In vivo topical gene therapy for recessive dystrophic epidermolysis bullosa: a phase 1 and 2 trial
A non-viral and selection-free COL7A1 HDR approach with improved safety profile for dystrophic epidermolysis bullosa
29 May 2021
Stanford Adult Epidermolysis Bullosa Anesthesia Protocol 
5 September 2022

Nat Med. 2022 Apr;28(4):780-788. doi: 10.1038/s41591-022-01737-y. Epub 2022 Mar 28. PMID: 35347281; PMCID: PMC9018416.

In vivo topical gene therapy for recessive dystrophic epidermolysis bullosa: a phase 1 and 2 trial

Authors: Irina Gurevich 1Pooja Agarwal 2PeiPei Zhang 2John A Dolorito 1Stacie Oliver 2Henry Liu 2Nicholas Reitze 2Nikhil Sarma 2Isin Sinem Bagci 1Kunju Sridhar 1Visesha Kakarla 1Vamsi K Yenamandra 1Mark O’Malley 2Marco Prisco 3Sara F Tufa 4Douglas R Keene 4Andrew P South 3Suma M Krishnan 2M Peter Marinkovich 5 6

Affiliation:

  1. Program in Epithelial Biology and Department of Dermatology, Stanford University School of Medicine, Stanford, CA, USA.
  2. Krystal Biotech, Pittsburgh, PA, USA.
  3. Sidney Kimmel Medical College, Thomas Jefferson University, Philadelphia, PA, USA.
  4. Microscopy Unit, Shriners Hospital for Children, Portland, OR, USA.
  5. Program in Epithelial Biology and Department of Dermatology, Stanford University School of Medicine, Stanford, CA, USA. mpm@stanford.edu.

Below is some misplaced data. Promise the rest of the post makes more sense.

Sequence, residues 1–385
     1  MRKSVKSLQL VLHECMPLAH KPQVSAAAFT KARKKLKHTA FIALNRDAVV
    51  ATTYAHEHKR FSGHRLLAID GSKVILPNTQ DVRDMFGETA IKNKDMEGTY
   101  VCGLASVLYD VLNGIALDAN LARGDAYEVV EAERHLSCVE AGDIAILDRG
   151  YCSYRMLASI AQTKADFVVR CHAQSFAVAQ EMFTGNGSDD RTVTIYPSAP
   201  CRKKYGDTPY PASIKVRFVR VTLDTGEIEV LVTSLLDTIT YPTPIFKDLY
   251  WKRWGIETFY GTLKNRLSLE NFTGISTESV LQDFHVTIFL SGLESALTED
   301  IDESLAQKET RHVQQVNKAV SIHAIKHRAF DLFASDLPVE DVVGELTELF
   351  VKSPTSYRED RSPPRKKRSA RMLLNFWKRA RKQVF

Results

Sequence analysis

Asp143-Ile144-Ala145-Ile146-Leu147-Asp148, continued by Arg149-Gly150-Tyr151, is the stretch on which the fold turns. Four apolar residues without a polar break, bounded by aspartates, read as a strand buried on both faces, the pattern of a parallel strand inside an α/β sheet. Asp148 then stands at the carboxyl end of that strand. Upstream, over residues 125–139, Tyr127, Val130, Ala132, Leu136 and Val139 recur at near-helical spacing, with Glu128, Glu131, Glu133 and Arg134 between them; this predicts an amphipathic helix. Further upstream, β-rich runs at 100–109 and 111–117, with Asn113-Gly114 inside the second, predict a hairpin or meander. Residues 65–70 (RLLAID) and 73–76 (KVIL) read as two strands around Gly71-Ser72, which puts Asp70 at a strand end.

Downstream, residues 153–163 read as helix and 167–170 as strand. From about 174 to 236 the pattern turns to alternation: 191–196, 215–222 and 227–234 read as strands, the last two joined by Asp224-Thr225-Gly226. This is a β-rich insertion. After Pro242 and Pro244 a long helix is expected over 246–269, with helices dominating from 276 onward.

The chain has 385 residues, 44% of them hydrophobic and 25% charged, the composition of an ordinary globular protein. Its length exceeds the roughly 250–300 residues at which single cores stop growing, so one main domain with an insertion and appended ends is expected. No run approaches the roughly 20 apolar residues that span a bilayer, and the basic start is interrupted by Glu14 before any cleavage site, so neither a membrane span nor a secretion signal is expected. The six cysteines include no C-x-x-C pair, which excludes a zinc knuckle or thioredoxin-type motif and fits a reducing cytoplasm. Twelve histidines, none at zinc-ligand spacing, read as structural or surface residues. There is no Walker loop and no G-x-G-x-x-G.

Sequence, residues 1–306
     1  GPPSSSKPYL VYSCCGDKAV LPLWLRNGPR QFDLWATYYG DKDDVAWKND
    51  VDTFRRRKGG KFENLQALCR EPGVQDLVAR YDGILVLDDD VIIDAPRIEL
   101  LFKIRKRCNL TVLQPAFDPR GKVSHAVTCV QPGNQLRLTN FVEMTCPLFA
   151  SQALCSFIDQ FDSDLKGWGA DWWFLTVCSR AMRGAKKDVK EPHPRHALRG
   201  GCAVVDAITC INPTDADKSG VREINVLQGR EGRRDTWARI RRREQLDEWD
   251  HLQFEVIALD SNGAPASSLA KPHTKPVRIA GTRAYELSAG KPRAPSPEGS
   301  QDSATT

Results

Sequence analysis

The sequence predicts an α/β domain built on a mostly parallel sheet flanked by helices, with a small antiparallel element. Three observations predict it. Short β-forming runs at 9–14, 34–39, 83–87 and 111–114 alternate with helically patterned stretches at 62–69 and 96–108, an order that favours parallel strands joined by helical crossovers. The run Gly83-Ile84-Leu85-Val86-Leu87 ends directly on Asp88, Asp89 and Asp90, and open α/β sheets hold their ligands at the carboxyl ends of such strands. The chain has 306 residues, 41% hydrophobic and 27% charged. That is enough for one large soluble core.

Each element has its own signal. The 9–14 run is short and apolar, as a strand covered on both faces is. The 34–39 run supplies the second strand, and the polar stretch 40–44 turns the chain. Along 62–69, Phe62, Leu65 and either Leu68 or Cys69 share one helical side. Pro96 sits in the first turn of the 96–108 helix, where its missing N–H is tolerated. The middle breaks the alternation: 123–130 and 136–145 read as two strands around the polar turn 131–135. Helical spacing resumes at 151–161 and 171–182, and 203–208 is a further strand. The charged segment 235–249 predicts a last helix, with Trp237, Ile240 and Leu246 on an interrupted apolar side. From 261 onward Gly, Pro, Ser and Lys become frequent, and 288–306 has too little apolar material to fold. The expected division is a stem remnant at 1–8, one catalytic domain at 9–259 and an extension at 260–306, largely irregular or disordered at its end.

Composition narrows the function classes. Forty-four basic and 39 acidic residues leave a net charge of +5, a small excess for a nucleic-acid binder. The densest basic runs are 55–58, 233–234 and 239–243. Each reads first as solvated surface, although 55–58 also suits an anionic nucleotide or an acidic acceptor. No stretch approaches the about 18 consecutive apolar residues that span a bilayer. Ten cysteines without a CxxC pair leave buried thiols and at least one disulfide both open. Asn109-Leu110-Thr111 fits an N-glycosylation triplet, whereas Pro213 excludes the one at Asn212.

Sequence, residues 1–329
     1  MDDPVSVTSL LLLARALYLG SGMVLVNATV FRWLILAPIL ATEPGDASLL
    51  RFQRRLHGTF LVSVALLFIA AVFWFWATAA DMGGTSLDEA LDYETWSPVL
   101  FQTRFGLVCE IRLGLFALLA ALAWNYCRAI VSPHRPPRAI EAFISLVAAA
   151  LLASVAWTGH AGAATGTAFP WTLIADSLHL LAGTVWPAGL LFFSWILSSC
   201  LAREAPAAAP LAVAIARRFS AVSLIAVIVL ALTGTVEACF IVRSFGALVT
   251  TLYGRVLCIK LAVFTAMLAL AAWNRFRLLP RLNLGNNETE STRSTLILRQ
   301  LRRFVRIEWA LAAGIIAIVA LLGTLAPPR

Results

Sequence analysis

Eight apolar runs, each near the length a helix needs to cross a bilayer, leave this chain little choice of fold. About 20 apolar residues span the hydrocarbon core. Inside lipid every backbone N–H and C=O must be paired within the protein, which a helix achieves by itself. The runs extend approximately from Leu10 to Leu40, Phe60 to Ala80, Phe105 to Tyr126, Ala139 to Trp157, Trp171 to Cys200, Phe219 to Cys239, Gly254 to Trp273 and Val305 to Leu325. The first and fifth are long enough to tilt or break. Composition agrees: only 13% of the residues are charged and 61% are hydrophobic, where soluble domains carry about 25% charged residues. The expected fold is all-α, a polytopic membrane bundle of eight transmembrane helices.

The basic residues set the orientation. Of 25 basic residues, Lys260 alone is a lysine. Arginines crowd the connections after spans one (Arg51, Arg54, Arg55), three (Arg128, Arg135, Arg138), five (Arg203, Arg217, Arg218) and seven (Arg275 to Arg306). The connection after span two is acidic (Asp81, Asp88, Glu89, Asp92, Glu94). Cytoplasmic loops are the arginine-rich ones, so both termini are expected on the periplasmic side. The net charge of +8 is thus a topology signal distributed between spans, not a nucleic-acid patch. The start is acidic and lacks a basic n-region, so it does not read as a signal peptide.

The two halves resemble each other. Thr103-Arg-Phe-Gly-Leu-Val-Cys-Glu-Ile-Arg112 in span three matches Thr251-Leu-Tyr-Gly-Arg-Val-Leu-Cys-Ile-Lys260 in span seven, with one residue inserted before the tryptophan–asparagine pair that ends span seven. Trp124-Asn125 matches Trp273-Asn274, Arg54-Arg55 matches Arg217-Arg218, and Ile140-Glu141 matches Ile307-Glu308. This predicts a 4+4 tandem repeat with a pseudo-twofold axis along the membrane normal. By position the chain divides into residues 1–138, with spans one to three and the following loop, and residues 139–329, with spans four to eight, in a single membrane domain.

6. Veterans Affairs Medical Center, Palo Alto, Stanford, CA, USA. mpm@stanford.edu.

Abstract:

Recessive dystrophic epidermolysis bullosa (RDEB) is a lifelong genodermatosis associated with blistering, wounding, and scarring caused by mutations in COL7A1, the gene encoding the anchoring fibril component, collagen VII (C7). Here, we evaluated beremagene geperpavec (B-VEC), an engineered, non-replicating COL7A1 containing herpes simplex virus type 1 (HSV-1) vector, to treat RDEB skin. B-VEC restored C7 expression in RDEB keratinocytes, fibroblasts, RDEB mice and human RDEB xenografts. Subsequently, a randomized, placebo-controlled, phase 1 and 2 clinical trial (NCT03536143) evaluated matched wounds from nine RDEB patients receiving topical B-VEC or placebo repeatedly over 12 weeks. No grade 2 or above B-VEC-related adverse events or vector shedding or tissue-bound skin immunoreactants were noted. HSV-1 and C7 antibodies sometimes presented at baseline or increased after B-VEC treatment without an apparent impact on safety or efficacy. Primary and secondary objectives of C7 expression, anchoring fibril assembly, wound surface area reduction, duration of wound closure, and time to wound closure following B-VEC treatment were met. A patient-reported pain-severity secondary outcome was not assessed given the small proportion of wounds treated. A global assessment secondary endpoint was not pursued due to redundancy with regard to other endpoints. These studies show that B-VEC is an easily administered, safely tolerated, topical molecular corrective therapy promoting wound healing in patients with RDEB.

Download: https://www.ncbi.nlm.nih.gov/pmc/articles/PMC9018416/